Saturday, May 1, 2010

Water main break leaves 37 MA communities without drinkable water

A friend from Springfield called me a few minutes ago to ask if I'd heard anything about a need to boil our water in Springfield because of something that had happened to the Quabbin Reservoir.  I told her I'd check around and it didn't take long to locate the news at a major break in a pipe carrying water from the Quabbin and the Wachusetts Reservoirs  to Metropolitan Boston has ruptured, dumping an astounding 8 million gallons of water an hour into the Charles River. The Massachusetts Water Resources Authority is turning to its emergency back-up reserves from the Chestnut Hill and Spot Pond Reservoirs and the Sudbury Aqueduct.

Life would be nothing without ironies, yes?  On Thursday, Concord, Massachusetts became the first city in the country to ban all sales of bottled water.  Concord  is not among one of the 37 communities who now needs to boil its water, or I imagine there would be plenty of "I told you so's" going on in the town right now.

My older daughter is moving today from her apartment in Salem to an apartment in Arlington, which is under the Boil Water order, and I gave her a call.  I can just imagine she and her friends, having just now finished moving furniture, going to the kitchen sink in the new place and getting a nice cold drink from the tap.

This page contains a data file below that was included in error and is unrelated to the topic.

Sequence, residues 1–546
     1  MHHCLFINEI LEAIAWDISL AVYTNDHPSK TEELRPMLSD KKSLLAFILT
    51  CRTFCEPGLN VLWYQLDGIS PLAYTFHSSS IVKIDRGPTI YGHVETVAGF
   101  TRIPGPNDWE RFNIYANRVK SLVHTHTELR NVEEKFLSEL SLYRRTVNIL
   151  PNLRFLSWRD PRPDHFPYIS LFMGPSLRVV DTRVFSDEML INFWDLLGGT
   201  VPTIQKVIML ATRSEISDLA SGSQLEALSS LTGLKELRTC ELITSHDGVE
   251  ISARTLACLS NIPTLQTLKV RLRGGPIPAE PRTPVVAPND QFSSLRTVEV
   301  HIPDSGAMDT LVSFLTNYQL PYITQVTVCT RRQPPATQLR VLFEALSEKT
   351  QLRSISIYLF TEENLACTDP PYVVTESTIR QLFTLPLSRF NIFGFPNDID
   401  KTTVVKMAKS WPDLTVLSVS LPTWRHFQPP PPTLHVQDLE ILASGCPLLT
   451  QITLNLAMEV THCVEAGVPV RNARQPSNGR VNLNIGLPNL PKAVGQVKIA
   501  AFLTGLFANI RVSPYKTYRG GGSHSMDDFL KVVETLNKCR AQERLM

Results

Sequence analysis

I've been waiting to calm down, if that ever happens,  before blogging about what is now being described as a "river of oil" rushing from the ocean floor in the Gulf of Mexico.  What ought to be clear, though is that we are using 19th and 20th century infrastructures to deal with 21st century life on earth,  and dangerous 21st century technologies to solve energy problems that demand a cutting edge vision.  When will we shift our priorities?

Photo of Quabbin Reservoir from thelehegarets' photostream at Flickr,

1 comment:

MoonRaven said...

I came home yesterday to news that we need to boil our water before drinking it. We are in one of the roughly thirty communities affected. (Sorry to hear that your daughter is, too.)

Between this and the Gulf of Mexico disaster, it seems like everything is breaking down at once.

Hopefully this will be a wake up call. As you say, it's time to shift our priorities.